What the airline-online reservation war means

This is the kind of thing that could put travel agents back in business. Airlines are getting tough with online ticket booking sites. They’re the sites who saved travelers money by allowing people to comparison shop for airfares. Who needed travel agents?

Expedia has stopped selling American Airlines tickets after American stopped selling on Orbitz. The airline wants people to go to its Web site, instead.

Might this cost you money? Maybe. Consider this: If you wanted to book a flight to Chicago and went to the American Airlines Web site, a Monday flight later this month (and a return flight a week later) would cost you $353. Booked via Expedia, many flights on United pop up with a round trip price of $139.40. Ouch.

Delta is doing the same, though with smaller sites. Delta stopped allowing three websites — CheapOAir.com, OneTravel.com, and BookIt.com — to list its flights.

If you’ve got the time to check every possible site, you’ll probably be able to find the cheapest fare. Prism Money, the personal finance column, recommends this:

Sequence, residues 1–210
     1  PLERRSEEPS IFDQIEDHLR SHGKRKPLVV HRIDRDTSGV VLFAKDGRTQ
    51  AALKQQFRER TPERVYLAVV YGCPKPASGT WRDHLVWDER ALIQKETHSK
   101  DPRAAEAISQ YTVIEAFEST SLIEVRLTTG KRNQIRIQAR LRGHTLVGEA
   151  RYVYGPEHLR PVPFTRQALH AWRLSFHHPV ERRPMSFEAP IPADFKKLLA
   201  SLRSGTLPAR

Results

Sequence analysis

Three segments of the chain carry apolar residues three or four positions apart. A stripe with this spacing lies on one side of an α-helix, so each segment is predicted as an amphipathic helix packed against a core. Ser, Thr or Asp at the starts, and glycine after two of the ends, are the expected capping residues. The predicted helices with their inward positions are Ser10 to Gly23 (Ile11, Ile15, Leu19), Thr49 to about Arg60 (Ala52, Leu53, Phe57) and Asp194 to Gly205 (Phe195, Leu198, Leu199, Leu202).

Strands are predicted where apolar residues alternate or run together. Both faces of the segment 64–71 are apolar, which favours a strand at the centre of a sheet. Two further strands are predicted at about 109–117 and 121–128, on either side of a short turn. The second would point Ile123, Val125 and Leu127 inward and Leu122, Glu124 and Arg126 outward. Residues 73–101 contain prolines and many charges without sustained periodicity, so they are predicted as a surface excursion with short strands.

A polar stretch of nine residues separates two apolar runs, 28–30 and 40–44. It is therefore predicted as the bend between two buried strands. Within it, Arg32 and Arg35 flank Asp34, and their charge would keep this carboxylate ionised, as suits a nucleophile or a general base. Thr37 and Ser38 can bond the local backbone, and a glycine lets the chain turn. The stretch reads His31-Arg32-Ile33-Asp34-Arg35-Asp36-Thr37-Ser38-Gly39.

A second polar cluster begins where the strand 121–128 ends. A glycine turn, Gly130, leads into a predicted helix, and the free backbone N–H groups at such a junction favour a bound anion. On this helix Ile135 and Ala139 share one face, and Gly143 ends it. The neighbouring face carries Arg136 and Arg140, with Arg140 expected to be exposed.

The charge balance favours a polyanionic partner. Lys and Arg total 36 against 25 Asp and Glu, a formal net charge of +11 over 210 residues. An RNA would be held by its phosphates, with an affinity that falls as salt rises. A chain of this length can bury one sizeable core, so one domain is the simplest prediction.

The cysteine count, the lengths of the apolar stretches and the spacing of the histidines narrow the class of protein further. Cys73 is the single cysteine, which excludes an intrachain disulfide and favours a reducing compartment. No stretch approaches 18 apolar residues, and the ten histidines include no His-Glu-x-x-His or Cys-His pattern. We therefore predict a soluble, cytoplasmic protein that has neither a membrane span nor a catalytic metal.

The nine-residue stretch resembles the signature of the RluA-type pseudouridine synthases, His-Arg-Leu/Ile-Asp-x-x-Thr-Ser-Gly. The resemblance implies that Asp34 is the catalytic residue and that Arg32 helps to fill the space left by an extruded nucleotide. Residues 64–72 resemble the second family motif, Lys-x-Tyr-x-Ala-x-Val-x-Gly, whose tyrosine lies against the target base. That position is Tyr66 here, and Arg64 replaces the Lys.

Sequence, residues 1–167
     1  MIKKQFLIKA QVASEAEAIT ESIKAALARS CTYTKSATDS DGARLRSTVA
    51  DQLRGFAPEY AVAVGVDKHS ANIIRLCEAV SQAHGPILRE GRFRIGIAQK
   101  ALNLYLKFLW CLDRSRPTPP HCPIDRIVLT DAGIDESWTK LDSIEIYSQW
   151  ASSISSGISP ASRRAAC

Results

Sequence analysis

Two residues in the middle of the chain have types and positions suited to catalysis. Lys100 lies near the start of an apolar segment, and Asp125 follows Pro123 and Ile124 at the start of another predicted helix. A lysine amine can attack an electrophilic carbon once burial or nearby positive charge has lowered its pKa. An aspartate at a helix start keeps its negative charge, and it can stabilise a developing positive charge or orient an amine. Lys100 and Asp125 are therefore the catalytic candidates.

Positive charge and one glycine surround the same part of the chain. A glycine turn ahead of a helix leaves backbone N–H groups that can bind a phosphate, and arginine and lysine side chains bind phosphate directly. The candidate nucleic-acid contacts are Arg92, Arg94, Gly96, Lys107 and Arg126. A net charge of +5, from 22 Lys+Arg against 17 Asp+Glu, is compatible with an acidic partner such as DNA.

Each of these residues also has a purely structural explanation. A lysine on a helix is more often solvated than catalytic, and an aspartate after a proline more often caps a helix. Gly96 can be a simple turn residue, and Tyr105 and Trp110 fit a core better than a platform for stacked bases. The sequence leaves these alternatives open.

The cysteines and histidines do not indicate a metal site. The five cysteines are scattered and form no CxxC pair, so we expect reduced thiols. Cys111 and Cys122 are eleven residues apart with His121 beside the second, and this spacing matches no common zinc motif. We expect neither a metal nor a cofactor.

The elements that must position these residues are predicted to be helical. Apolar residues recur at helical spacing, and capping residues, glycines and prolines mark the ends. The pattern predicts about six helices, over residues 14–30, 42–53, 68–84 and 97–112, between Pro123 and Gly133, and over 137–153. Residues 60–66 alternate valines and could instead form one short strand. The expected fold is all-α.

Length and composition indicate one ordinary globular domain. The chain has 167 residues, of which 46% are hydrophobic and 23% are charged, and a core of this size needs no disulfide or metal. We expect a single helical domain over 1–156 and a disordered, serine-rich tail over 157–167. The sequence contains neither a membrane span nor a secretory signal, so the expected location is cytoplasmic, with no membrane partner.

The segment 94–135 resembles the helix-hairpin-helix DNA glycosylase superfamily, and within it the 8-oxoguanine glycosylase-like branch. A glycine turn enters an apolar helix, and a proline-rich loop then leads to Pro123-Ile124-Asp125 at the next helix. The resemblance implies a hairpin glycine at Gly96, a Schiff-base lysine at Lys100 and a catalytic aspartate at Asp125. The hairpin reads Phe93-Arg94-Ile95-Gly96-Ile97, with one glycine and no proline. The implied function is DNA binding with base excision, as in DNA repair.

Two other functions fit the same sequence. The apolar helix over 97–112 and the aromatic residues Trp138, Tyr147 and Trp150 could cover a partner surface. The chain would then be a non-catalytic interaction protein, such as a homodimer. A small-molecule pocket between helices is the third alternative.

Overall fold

>>Check the sites that follow the other sites. Start a search with Kayak and Sidestep.com, both of which monitor several other airline ticket websites, and see what turns up.

>> Surf to individual airline sites for quotes, once you’ve seen the best that the aggregators and online agents are offering.

>> Call the airline of your choice and ask them what extra fees would apply before you buy your ticket. Factor that into your decision.

>> Join all the frequent flyer programs and email lists that you can, even if you’re not really a frequent flyer. It’s typically free to join. Airlines trying to gain tighter control of their customer relationships may start offering deals directly to consumers who are already on their list.